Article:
If there is such a thing as destiny, then surely it has shaped the work of Catherine Hinds, names 1989 Women of the Year by New England Women Business Owners. Hinds' three-decade career has included founding a chain of salons in Boston and New York, establishing the Catherine Hinds Institute, the first free standing accredited school for estheticians in the U.S., and developing an extensive line of private label beauty products. This month, she once more literally makes a name for herself as she launches a new brand of skin care preparations bearing her name.
This seems quite appropriate for the great granddaughter of the man who created Hinds Honey and Almond Cream, a moisturizer found on the dressing tables of all genteel ladies at the turn of the century. Great Grandfather A.S. Hinds, of Portland Maine, sold his company to a largest firm at the height of his success and, according to family legend, promptly lost his fortune in the Depression. Not long after, the once-ubiquitous product disappeared from retailers' shelves.
A young idealist
Catherine Hinds today treasures faded advertisements and posters for Hinds Honey and Almond Cream. But as a young woman her mind was on other things. "I was an idealist--involved in all kinds of causes," she says. "Civil rights, women's rights, all kinds of rights."
After graduating from Skidmore College with a degree in philosophy and religion, she traveled to Germany with her new husband. While there, she felt a tug toward the profession that would one day make her the success she is today. "I remember being impressed by the way European women took care of their skin. Facials were commonplace over there and the women's complexions showed it."
Returning to the States, Hinds settled in Boston and got a job in the cosmetic department of Jordan Marsh, in the first suburban shopping center in the country.
"They hired me because I had a college degree. But the truth was I didn't know what I was doing so in a few months they fired me. But that was enough. I got hooked on the beauty industry. From there on, I decided to learn as much as I could."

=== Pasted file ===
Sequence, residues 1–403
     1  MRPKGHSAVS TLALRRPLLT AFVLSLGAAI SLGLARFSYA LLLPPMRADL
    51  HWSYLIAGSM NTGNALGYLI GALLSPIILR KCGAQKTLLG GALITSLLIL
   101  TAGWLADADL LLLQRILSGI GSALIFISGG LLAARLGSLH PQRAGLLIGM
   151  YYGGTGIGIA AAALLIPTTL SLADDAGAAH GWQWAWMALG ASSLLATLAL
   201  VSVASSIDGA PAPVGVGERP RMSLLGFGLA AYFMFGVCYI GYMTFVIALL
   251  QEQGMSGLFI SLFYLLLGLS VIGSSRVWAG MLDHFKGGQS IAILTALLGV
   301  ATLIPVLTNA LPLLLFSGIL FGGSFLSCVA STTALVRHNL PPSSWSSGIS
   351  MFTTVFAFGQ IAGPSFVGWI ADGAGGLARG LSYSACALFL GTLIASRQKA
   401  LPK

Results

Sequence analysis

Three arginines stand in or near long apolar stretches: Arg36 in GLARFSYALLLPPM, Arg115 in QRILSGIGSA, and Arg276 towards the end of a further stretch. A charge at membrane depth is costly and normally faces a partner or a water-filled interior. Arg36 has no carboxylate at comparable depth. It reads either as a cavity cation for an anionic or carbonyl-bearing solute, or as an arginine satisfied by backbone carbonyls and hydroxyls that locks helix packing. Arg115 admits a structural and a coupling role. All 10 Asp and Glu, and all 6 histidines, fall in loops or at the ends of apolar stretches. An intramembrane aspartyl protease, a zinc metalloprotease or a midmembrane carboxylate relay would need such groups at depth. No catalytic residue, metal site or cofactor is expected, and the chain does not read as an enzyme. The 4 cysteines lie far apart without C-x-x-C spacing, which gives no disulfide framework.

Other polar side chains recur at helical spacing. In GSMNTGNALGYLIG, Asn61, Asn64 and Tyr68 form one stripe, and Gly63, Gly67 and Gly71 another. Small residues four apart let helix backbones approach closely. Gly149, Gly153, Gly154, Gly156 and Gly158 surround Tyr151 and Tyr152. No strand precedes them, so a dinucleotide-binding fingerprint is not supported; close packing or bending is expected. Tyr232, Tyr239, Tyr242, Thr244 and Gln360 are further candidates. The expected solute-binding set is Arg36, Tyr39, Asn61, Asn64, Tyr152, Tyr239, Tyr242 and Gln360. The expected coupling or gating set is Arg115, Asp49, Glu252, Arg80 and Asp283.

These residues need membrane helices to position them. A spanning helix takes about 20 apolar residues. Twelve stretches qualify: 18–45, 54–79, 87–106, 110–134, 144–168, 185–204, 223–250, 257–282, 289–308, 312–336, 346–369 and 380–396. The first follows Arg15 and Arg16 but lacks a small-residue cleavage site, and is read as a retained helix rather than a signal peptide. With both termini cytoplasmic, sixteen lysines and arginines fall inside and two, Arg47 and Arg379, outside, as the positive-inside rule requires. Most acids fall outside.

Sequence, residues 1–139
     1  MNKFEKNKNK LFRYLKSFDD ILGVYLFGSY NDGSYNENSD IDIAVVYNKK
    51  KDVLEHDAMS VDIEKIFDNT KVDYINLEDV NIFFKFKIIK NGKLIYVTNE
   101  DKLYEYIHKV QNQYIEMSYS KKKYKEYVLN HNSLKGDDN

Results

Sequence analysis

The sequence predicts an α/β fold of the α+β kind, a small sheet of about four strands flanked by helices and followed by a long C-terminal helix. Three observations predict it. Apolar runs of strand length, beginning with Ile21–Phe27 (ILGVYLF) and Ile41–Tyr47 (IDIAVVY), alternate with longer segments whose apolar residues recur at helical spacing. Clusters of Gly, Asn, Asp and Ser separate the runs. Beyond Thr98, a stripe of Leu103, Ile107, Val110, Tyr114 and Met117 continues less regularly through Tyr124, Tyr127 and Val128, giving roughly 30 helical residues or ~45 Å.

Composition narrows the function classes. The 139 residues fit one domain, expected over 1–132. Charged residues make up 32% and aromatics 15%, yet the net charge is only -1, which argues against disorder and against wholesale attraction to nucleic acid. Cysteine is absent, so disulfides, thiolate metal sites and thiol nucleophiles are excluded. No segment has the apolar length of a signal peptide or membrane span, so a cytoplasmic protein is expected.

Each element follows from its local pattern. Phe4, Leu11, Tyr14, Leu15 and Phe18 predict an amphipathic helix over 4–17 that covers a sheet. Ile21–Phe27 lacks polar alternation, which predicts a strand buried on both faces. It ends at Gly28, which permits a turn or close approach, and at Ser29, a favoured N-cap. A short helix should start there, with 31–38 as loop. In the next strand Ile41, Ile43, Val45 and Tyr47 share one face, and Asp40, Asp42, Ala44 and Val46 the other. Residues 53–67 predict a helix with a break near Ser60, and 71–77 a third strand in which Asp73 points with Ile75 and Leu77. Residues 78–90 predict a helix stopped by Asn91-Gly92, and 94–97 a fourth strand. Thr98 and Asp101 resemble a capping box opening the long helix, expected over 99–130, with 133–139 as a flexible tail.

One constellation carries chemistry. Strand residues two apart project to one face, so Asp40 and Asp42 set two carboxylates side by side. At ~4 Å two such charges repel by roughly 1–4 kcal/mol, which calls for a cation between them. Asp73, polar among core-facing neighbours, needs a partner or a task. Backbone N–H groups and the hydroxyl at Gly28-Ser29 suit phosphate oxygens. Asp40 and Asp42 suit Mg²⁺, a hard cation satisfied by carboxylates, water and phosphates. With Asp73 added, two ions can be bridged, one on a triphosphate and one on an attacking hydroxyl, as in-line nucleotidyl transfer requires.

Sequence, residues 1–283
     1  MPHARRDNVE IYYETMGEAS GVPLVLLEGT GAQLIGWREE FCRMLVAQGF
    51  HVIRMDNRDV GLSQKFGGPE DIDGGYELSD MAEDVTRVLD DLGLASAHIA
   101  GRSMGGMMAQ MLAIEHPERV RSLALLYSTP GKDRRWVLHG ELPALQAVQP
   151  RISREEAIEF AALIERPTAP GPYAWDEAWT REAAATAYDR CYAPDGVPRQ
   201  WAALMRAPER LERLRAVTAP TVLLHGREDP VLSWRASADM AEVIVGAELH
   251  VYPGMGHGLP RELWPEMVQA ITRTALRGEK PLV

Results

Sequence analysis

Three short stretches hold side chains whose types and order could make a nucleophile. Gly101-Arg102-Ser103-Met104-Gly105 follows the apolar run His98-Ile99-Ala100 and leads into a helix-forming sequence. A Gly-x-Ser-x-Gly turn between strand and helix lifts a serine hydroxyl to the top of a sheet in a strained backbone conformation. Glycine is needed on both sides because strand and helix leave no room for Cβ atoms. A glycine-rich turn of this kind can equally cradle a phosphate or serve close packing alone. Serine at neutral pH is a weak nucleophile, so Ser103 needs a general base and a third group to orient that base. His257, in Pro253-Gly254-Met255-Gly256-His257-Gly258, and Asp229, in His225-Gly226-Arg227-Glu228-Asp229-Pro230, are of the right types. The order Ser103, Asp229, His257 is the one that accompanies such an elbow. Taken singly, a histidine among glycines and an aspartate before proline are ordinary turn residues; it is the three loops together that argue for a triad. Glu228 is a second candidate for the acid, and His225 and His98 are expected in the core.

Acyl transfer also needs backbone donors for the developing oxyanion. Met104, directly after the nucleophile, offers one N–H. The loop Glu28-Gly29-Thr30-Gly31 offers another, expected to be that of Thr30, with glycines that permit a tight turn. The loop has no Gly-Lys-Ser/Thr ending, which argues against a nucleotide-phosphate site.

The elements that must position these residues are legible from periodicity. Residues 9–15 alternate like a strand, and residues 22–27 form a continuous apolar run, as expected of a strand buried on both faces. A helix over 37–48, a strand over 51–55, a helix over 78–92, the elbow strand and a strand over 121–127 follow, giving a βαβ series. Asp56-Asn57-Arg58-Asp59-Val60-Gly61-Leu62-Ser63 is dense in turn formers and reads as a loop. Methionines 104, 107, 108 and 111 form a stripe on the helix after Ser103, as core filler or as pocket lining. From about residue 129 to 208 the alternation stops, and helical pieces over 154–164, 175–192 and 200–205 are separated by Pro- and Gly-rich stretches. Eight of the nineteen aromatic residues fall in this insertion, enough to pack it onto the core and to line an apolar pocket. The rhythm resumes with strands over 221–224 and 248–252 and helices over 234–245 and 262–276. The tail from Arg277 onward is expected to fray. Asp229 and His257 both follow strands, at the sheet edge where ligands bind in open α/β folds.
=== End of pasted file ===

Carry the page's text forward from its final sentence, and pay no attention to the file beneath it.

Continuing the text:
A series of jobs followed and Hinds began to feel that she ultimately wanted to have her own business. In 1965 she opened the first salon in New England devoted exclusively to skin care on Boston's fashionable Newbury Street. "At the time, anything English was big. The salon carried the name Cyclax of London, a line made by a very fine old firm whose packaging bore the banner ‘By appointment to Her Majesty.' I was impressed by the quality of the products. The ingredients were old-fashioned and natural.
"When we opened, the Boston Brahmins flocked to the doors to snap up the products the Queen of England used. When the English thing began to fade I put my own name on the salon, and in 1974, I bought the Cyclax formulations.
Over the next decade, one salon became seven, including one on Madison Avenue in New York. "I was going crazy then," says Hinds. With the recession of the mid-seventies, the unraveling of her second marriage and the demands of two children, Hinds found herself stretched to the limit. The blizzard of '78 and the ensuing six weeks of frigid weather brought business to a virtual halt. "I closed all but the most successful salons. It was a very difficult period of my life. I knew there had to be a better way."
Vassar of skin care"
At about that time, Massachusetts became one of the first states in the nation to pass a law requiting licensing for estheticians. Hinds began training women to go into the profession and in the process, she says, "I fell in love with education. I wasn't particularly motivated by money. What I wanted was to create the Vassar of skin care." In 1982, her school was accredited by the National Association of Trade and Technical Schools and, for the next five years, the Catherine Hinds Institute was the only free-standing school for opticians in the U.S. to be granted accreditation.